In the professional world of Lawfare (national security, homeland security, intelligence, privacy and civil liberties) nobody would doubt the salience of questions of cybersecurity. They seem to resonate across many dimesions and to pose some of the most vexing legal and policy questions. What to do, for example, about encryption is an issue that has generated far more heat than light and continues to divide analysts in ways that confound resolution.
But if you asked the mythical “average” person what they thought about cybersecurity, it seems that there is much less concern. At least that is the reasonable inference one can draw from what people actually do to protect themselves. Perhaps that is the wrong prism through which to ask the question, but it seems reasonable to base a judgment on the premise that “actions speak louder than words.” Last month we asked public opinion questions concerning personal cybersecurity using Google Surveys. The short answer: Very few people make any effort at all to protect themselves—evincing at least facialy a disregard for cybersecurity concerns.
- Do you encrypt data on your phone or computer?
- Do you ever use an anonymous browser like Tor?
- Do you use a password locker or storehouse like LastPass or OnePass?
- Please think of the password you use most often. How many letters or numbers or characters long is it?
- Have you ever had personal information of yours stolen from a company you patronize, like Target or Home Depot?
We Don’t Care
We don’t care. At least not on a personal level. That’s the only reasonable interpretation of the data on the general lack of uptake for personal private security measures among the general population.
To take the first, and most obvious example, encryption policy is a debate that is roiling Washington—pitting law enforcement concerns about “going dark” against civil liberatarian fears of big brother and goverment abuse. Yet the general populace seems not to care. Roughly one in five use encryption on their devices:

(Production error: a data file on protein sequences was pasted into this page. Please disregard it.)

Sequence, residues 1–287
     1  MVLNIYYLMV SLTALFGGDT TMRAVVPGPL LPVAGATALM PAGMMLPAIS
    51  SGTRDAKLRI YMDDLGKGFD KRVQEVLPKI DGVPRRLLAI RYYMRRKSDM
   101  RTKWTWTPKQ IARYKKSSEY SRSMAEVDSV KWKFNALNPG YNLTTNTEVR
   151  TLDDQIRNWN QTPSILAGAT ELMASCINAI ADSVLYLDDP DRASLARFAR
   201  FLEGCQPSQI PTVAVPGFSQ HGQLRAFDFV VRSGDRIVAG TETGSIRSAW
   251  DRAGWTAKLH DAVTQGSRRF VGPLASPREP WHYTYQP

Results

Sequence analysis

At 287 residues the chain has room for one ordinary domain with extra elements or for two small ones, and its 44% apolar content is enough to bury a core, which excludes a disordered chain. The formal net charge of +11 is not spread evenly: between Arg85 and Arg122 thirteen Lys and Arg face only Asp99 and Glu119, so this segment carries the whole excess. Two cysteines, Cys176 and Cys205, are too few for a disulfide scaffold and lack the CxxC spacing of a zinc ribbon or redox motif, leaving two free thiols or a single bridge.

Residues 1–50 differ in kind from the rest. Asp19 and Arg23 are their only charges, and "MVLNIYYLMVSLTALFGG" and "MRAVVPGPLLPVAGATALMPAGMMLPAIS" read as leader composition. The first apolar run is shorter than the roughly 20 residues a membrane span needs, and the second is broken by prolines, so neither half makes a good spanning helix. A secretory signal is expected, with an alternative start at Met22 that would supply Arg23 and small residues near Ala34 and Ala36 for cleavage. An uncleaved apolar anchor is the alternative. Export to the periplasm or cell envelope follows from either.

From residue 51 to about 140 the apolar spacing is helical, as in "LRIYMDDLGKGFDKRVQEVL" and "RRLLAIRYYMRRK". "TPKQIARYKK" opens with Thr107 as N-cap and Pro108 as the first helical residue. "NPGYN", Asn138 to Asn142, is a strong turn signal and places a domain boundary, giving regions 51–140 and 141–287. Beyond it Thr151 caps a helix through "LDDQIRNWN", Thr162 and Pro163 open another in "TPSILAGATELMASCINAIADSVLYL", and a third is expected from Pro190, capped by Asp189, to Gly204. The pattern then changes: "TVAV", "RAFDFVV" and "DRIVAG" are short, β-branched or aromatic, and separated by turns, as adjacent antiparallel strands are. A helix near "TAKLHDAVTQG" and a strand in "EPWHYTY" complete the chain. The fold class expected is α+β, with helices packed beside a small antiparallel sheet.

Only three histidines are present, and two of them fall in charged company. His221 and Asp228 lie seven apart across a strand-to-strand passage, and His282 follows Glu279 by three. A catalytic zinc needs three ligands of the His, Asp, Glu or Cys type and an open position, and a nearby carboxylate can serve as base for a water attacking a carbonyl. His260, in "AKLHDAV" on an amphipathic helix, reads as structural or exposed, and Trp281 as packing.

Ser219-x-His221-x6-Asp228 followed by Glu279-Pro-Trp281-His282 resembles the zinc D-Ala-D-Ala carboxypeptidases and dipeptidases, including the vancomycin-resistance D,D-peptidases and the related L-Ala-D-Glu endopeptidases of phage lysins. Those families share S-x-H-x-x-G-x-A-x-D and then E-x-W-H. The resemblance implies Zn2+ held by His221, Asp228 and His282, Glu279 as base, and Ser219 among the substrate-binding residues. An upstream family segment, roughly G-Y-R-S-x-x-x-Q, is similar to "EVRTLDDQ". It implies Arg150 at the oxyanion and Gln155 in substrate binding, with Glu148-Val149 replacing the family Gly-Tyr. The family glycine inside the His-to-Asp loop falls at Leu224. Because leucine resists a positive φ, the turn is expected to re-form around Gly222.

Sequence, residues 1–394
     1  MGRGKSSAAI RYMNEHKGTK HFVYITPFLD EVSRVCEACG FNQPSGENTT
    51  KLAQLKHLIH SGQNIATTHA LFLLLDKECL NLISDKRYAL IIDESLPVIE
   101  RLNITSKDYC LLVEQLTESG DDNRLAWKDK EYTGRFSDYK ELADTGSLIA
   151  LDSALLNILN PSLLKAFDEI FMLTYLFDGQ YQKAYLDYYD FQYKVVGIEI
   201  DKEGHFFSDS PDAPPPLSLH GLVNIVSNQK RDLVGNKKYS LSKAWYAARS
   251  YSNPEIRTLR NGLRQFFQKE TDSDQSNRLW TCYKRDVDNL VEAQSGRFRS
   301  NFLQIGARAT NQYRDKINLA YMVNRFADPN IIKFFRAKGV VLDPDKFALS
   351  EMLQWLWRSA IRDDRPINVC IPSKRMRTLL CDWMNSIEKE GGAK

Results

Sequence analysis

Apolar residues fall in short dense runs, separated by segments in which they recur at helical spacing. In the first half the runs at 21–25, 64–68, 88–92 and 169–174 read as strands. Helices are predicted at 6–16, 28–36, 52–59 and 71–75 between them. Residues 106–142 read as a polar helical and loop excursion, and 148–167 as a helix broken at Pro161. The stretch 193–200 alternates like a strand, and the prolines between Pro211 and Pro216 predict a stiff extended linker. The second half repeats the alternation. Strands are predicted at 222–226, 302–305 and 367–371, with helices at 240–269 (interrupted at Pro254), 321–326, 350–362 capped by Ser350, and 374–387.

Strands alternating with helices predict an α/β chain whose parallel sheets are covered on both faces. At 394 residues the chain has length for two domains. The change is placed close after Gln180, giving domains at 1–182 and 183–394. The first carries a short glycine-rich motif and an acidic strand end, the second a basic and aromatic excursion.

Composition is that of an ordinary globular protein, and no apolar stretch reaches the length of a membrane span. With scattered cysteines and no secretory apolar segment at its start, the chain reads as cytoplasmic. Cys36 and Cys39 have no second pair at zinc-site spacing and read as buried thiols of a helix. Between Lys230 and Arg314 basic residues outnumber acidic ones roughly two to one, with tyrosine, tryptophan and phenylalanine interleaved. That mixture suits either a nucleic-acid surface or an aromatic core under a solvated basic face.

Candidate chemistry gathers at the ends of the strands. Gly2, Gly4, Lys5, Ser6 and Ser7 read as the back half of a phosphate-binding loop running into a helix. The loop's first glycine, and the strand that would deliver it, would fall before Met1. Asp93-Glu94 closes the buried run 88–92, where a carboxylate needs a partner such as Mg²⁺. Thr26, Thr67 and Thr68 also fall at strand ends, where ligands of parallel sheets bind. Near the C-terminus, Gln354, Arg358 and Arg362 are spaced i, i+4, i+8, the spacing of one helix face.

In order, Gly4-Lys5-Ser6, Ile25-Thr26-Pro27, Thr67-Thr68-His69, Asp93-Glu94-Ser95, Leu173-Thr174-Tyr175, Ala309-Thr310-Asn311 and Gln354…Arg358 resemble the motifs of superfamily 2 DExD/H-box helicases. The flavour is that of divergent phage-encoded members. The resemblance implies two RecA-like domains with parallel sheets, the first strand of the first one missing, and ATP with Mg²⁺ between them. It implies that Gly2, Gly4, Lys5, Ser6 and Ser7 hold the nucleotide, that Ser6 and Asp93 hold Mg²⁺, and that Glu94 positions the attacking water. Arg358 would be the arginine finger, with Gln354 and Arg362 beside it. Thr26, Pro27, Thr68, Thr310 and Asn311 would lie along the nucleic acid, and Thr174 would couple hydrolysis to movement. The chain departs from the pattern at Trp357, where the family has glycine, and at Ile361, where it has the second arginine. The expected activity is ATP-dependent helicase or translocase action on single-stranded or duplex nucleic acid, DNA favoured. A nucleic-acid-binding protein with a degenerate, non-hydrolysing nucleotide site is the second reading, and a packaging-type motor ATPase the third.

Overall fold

Now, it is possible that this understates the use of encryption. There is at least some possibility that the fraction of “I don't know” includes some people whose devices are encrypted because they have a device (like a newer Apple) that encrypts automatically. At least in theory that means that the prevalance of encryption may be greater than the survey suggests. And it is also almost certainly true that the people who conciously use encyrption in the 17.7 percent are those for whom it has the greatest utility—those who are protecting sources and methods like journalists and those who are protecting their own malicious conduct. So as a true measure of cybersecurity awareness, this question may understate the degree to which people are paying attention.
Or maybe not. One would also expect those who use encryption to consider using other security systems—like anonymous browsing and password lockers. But the survey (which had more than 4000 respondents) suggests these additiona measures are rare in the extreme. Fewer than 8 percent use an anonymous browser and fewer than 13 percent use a password locker of some sort.
These systems are ones that cannot be used accidentally or by default, so the respondents who don't know the answer to the question (or don't understand it) can safely be presumed to not be implementing these practices. The survey therefore sets a lower bound of roughly 10 percent of respondents who can fairly be characterized as aware of their own personal cybersecurity and engaged in taking self-protective steps—which is a pretty dim view of the general uptake of security awareness among the general citizenry.
We see slightly better results when we ask about password strength. In general, longer is stronger. It is slightly gratifying to see that a clear plurality of respondents have internalized that guidance and have trended toward longer passwords:
We can't be sure, of course, since the “other responses” were not further specified, but it is gratifying that among those responding with a specific number roughy 40 percent have passwords that are at least eight characters long.
Maybe We Shouldn’t Care
One final note worth thinking about. The lack of interest in security may actually be rational. It is by now commonplace that most victims of cyber crime or theft do not experience a personal loss. The banks, credit card companies and vendors all bear the costs. Perhaps more importantly, it seems that most of the general population still feel as though the problem is for someone else and not for them. When only 16 percent have experience theft, we can infer that the problem has yet to generate a great salience within the population.
And so we come back to a place where reality meets policy. Much of the policy approach for the past decade has been an effort to educate the population and help it protect itself. DHS has run programs like “Think Before You Click,” and other agencies have pushed “Cybersecurity Awareness” months. If this survey has any relationship to reality, we can safely say that the message has not yet been taken up. And that, in turn, may mean one of three things—either the problem is not as significant as we think it is (not my view); or we need to do more, better education (not likely possible); or we need to think of ways in which government intervention can “nudge” the general population in the right direction.
The bottom line: People just don’t seem to care that much yet, despite the hue and cry in the media. That reality needs to be dealt with.